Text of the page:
What techniques does Fitzgerald use to introduce tension between Tom and Daisy?
Tom and Daisy Buchanan are introduced in such a way as to emphasise their elite status in society, both individually and as a married couple. They both come from wealthy, established families, and on the surface, they appear to be well matched. The perceptive narrator notes, however that they “drifted here and there unrestfully” (Fitzgerald, 2001, p. 6), ultimately remaining unsatisfied with their marriage, despite a year-long visit to France, and frequent outings for tennis, golf, jazz, and other expensive pursuits. This evident tension in their lives is further increased by Tom’s frequent infidelities and Daisy’s obvious attraction to Gatsby. The theme of adulterous love highlights the inherent instability that comes with a marriage of convenience, since it is designed mainly to preserve the social status of the two individuals, and does not represent a loving union.
Another layer of tension between Tom and Daisy can be seen in the way that Tom is demonised, and Daisy is idolised, at least in the first half of the book. Tom is described negatively as “a brute, a great, big hulking specimen” (Fitzgerald, 2001, p. 10) by Daisy. He is labelled “the polo player” (p. 67), by Gatsby, presumably in a dismissive way, highlighting Tom’s lack of intellectual sophistication. Daisy and her daughter Jordan, however, are depicted positively, as “silver idols weighing down their own white dresses” (Fitzgerald, 2001, p. 73). Tom’s sexual promiscuity is contrasted with what Gatsby perceives as Daisy’s innocence and purity. The reader may see things rather differently, especially as Daisy’s callousness is revealed towards the end of the book, but for most of the narrative, the author creates tension through this polarisation in the way the two Buchanan characters are described.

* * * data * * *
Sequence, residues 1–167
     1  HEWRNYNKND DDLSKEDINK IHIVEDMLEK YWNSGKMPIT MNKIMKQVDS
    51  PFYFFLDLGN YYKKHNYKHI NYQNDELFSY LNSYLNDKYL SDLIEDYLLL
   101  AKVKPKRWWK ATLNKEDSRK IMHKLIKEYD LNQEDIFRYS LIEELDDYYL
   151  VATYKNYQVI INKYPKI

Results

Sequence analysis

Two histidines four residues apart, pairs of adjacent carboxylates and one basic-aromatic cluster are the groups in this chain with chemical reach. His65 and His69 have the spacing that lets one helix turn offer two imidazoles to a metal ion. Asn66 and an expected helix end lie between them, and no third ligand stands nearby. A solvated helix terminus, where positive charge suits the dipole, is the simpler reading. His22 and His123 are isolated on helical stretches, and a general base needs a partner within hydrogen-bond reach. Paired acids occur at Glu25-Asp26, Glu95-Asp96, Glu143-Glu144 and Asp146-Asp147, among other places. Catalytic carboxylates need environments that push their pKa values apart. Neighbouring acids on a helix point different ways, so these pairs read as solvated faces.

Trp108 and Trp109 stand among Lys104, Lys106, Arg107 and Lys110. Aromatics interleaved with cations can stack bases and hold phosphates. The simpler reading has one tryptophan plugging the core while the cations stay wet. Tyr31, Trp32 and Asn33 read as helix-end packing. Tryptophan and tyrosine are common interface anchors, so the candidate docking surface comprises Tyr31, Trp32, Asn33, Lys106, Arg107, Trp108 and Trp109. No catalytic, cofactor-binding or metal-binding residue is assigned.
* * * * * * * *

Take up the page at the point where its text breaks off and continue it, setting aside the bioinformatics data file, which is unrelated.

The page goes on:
Fitzgerald, F. S. (2001)  The Great Gatsby. London: Wordsworth editions.